This is basic research. CUQI has not committed itself to specific deliverables but has promised that it would develop some software. At the same time, the grant lasts till ultimo August 2025, so there is a nice overlap between PhD students and postdocs who do not have to start from scratch but can continue the work that has already been done.
In September 2022, CUQI held a four-day conference on uncertainty quantification with participants from several European countries. The first day consisted of a workshop where the CUQI team trained the participants in the use of the CUQIpy software. The workshop was followed by three days of theory and mathematical methods. Several such software workshops are underway, and the CUQI team is considering courses for the industry. In addition, the software is under continuous expansion and can easily be made more accessible, e.g. through a more graphical user interface.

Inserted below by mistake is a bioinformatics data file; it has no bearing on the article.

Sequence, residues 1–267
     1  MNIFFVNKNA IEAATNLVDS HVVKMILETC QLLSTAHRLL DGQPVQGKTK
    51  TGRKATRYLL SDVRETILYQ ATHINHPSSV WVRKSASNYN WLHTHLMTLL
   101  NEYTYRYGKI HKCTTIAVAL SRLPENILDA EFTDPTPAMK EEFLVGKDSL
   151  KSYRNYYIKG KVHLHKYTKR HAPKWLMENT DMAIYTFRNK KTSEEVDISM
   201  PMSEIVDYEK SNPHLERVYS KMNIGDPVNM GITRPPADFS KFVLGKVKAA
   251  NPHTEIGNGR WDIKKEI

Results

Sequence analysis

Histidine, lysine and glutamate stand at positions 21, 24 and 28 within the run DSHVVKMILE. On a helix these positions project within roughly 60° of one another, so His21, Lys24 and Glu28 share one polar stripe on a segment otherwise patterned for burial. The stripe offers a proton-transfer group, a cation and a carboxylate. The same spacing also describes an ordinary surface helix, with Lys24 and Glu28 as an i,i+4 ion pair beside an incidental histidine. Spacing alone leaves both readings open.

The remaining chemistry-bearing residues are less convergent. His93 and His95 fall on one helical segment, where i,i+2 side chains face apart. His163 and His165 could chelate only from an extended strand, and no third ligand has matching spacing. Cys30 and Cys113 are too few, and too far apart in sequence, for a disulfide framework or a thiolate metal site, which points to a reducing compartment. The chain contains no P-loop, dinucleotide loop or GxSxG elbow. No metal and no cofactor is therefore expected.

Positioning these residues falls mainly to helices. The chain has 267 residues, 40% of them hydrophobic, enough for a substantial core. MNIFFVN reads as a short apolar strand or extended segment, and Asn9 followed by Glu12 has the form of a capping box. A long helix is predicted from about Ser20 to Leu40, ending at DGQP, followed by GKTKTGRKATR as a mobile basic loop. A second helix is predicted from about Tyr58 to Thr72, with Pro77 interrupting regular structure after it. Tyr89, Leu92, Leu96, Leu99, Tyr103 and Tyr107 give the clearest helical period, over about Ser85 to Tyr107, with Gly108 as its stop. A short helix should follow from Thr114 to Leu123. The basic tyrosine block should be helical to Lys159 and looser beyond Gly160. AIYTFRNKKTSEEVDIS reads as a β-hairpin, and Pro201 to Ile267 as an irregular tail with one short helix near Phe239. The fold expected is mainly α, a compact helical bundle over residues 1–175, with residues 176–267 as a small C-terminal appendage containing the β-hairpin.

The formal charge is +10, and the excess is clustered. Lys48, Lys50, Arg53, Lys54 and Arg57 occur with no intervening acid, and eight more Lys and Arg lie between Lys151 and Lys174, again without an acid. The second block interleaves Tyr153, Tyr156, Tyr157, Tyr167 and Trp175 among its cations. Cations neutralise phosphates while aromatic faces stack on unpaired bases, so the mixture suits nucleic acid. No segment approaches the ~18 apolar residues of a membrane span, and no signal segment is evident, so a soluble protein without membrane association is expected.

"It's great that we have foundations like the Villum Foundation, which support a project where you can be curious and have time to find solutions. I think that more solutions will emerge because the grant is of such a scale that we have the opportunity to bring people together both experts in the mathematical/numerical scale and people with software expertise, says Per Christian Hansen.
- As part of the research project CUQI (Computational Uncertainty Quantification for Inverse Problems) at DTU Compute, a software team led by Senior Researcher Jakob Sauer Jørgensen and postdocs Nicolai Riis and Amal Alghamdi has developed the software tool. In the picture at the top, the three are seen at a CUQIpy software workshop in September 2022.